[vc_row css_animation=”” row_type=”row” use_row_as_full_screen_section=”no” type=”full_width” angled_section=”no” text_align=”left” background_image_as_pattern=”without_pattern”][vc_column][vc_column_text]

Tuple in Python

[/vc_column_text][vc_separator type=”normal” up=”1″][vc_column_text css=”.vc_custom_1571088945448{background-color: #f6f6f6 !important;}”]

Tuple in Python is a collection of objects in a specific order that cannot be changed after the tuple is declared. Therefore, a tuple is immutable.

[/vc_column_text][vc_empty_space height=”20px”][vc_column_text]

WHAT IS A TUPLE IN PYTHON?

A tuple is very similar to an Array. However, unlike the array, it is not possible to change values in a created tuple. This means that once you have created a tuple, the values in the tuple will remain the same until the tuple is removed.

 

Unlike the array, it is not possible to change values in a Tuple

[/vc_column_text][vc_empty_space height=”30px”][vc_column_text]

[/vc_column_text][vc_empty_space height=”10px”][vc_separator type=”normal” up=”1″][vc_empty_space height=”10px”][vc_column_text]

How to create a Tuple in Python?

Similar to the Array, you create a Tuple by the following syntax

 

tupleName = (value1, value2, value3, and so on.. )
  • First you give the tuple a name
  • Then assigns all values within a parenthesis (), where each value is separated by a comma “,”.
  • Note that a tuple is created with parentheses, unlike the array that is created with brackets [].

[/vc_column_text][vc_empty_space height=”10px”][vc_separator type=”normal” up=”1″][vc_empty_space height=”10px”][vc_column_text]

Example – How to create a Tuple in Python

Let’s take a quite simple example on how to create a Tuple

 

animal_tuple = ("Cat", "Dog", "Fish", "Horse")

print(animal_tuple)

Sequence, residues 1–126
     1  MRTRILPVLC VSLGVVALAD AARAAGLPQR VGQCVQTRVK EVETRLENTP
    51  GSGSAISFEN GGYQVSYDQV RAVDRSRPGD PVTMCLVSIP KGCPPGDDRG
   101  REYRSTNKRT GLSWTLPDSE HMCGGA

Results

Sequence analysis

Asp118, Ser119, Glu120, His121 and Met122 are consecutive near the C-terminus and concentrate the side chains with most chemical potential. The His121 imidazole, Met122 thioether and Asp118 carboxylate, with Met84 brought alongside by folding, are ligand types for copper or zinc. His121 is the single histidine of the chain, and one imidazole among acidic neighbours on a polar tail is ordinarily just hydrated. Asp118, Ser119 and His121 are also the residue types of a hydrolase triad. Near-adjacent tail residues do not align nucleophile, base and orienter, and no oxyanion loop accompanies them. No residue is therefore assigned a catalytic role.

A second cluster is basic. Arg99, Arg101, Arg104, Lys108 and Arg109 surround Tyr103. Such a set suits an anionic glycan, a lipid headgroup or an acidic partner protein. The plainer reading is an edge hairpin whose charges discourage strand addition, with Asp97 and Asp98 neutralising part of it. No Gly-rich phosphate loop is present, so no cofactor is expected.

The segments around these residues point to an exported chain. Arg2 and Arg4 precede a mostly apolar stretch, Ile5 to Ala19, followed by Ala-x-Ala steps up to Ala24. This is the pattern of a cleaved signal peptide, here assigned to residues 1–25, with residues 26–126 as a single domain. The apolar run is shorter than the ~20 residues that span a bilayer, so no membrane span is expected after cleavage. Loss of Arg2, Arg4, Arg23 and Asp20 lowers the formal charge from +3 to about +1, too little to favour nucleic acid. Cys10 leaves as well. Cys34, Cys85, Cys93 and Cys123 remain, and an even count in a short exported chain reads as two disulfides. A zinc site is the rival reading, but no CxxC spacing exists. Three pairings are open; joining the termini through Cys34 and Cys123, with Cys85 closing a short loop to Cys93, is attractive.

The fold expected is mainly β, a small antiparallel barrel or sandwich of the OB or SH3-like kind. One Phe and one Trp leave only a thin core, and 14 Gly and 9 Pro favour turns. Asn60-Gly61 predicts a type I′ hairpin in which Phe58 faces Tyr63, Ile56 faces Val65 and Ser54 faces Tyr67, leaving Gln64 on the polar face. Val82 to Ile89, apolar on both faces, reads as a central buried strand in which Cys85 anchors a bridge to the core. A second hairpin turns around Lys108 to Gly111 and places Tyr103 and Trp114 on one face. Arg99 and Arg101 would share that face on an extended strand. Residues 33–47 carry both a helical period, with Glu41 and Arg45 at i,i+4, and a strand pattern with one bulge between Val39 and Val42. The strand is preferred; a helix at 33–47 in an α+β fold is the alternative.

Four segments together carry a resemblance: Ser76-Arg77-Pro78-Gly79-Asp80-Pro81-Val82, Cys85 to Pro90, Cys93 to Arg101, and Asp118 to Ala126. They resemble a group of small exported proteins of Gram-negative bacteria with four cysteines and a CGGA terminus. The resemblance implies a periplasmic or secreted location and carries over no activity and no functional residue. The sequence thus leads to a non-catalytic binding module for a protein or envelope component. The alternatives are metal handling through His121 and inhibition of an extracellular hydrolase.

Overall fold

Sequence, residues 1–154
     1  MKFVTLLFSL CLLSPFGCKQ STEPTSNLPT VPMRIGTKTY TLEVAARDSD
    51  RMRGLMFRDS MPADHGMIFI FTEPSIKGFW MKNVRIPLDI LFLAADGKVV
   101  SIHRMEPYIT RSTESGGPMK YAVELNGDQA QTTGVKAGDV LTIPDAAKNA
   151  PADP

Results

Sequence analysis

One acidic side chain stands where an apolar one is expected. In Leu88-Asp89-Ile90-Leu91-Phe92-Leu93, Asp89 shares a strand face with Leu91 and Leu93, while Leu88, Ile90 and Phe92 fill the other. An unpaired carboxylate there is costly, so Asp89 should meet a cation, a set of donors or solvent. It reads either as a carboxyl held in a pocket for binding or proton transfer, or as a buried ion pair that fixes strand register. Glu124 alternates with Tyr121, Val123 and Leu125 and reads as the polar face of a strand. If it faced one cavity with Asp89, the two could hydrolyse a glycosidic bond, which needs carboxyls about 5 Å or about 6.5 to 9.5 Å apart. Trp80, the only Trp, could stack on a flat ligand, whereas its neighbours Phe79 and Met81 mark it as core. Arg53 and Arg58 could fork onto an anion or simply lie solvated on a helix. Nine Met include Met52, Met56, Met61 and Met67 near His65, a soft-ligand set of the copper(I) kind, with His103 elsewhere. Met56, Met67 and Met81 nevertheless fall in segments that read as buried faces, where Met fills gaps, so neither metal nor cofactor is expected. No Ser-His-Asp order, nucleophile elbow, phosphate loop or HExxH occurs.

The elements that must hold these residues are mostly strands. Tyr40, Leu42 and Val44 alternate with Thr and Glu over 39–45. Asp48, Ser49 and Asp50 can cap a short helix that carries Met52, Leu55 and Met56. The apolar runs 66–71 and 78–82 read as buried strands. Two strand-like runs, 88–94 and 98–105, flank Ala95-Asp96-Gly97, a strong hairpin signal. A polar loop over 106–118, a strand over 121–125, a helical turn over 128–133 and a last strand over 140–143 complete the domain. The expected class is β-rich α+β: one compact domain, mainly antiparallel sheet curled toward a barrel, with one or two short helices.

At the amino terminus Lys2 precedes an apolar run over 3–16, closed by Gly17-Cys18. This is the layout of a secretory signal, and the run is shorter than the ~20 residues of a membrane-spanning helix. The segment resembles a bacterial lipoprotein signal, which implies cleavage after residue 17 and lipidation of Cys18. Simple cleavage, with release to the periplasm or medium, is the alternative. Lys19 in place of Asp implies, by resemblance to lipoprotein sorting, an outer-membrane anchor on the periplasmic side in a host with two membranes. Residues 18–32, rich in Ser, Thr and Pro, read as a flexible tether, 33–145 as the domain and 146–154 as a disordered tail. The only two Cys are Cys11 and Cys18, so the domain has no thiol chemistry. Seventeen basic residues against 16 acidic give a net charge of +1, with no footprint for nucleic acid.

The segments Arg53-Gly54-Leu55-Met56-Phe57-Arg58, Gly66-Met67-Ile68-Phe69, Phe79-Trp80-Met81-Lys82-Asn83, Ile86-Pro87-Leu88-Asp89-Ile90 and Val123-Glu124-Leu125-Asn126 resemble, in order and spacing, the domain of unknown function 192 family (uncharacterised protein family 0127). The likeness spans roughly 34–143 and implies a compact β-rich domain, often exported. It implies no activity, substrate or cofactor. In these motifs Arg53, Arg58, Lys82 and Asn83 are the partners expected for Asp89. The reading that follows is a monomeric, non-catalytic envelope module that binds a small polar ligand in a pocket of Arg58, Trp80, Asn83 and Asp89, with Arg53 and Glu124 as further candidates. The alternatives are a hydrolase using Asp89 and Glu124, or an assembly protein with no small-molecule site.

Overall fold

print(type(animal_tuple))
print(animal_tuple[0])
print(type(animal_tuple[1]))

The result then becomes

 

('Cat', 'Dog', 'Fish', 'Horse')
<class 'tuple'>
Cat
<class 'str'>

 

Note, similar to the Array, the index starts at zero. So if we for example write

 

print(animal_tuple[1])

We will get

 

Dog

[/vc_column_text][vc_empty_space height=”20px”][vc_column_text]

[/vc_column_text][vc_empty_space height=”10px”][vc_separator type=”normal” up=”1″][vc_empty_space height=”10px”][vc_column_text]

TUPLES ARE IMMUTABLE

 

You cannot change the values in a tuple.

 

Let’s take a short example, say for instance that we want to change our element “Dog” to “Snake”. By using the same method that we used for Array will cause a compilation error. Let’s have a look at the code,

 

animal_tuple = ("Cat", "Dog", "Fish", "Horse") 

animal_tuple[1] = "Snake"

Will result in

 

TypeError: 'tuple' object does not support item assignment

 

Instead, you must remove the Tuple completely. It can be done through the reserved word del () (delete). You can then re-create the tuple:

 

So in our case, if we want to change Dog to Snake (element 1 in the animal_tuple), we have to write:

del(animal_tuple) 

animal_tuple = ("Cat", "Snake", "Fish", "Horse")

 

Therefore, be careful which data type you choose to store values in. If you know that there is a probability that the values will change, Arrays are definitely preferred.[/vc_column_text][vc_empty_space height=”30px”][vc_column_text]For more information about Tuple in Python we recommend the Python Docs website[/vc_column_text][vc_empty_space height=”20px”][vc_separator type=”normal” up=”1″][vc_empty_space height=”20px”][/vc_column][/vc_row][vc_row css_animation=”” row_type=”row” use_row_as_full_screen_section=”no” type=”full_width” angled_section=”no” text_align=”left” background_image_as_pattern=”without_pattern”][vc_column][vc_column_text]

Previous Page    |    Next Page

[/vc_column_text][vc_empty_space][/vc_column][/vc_row]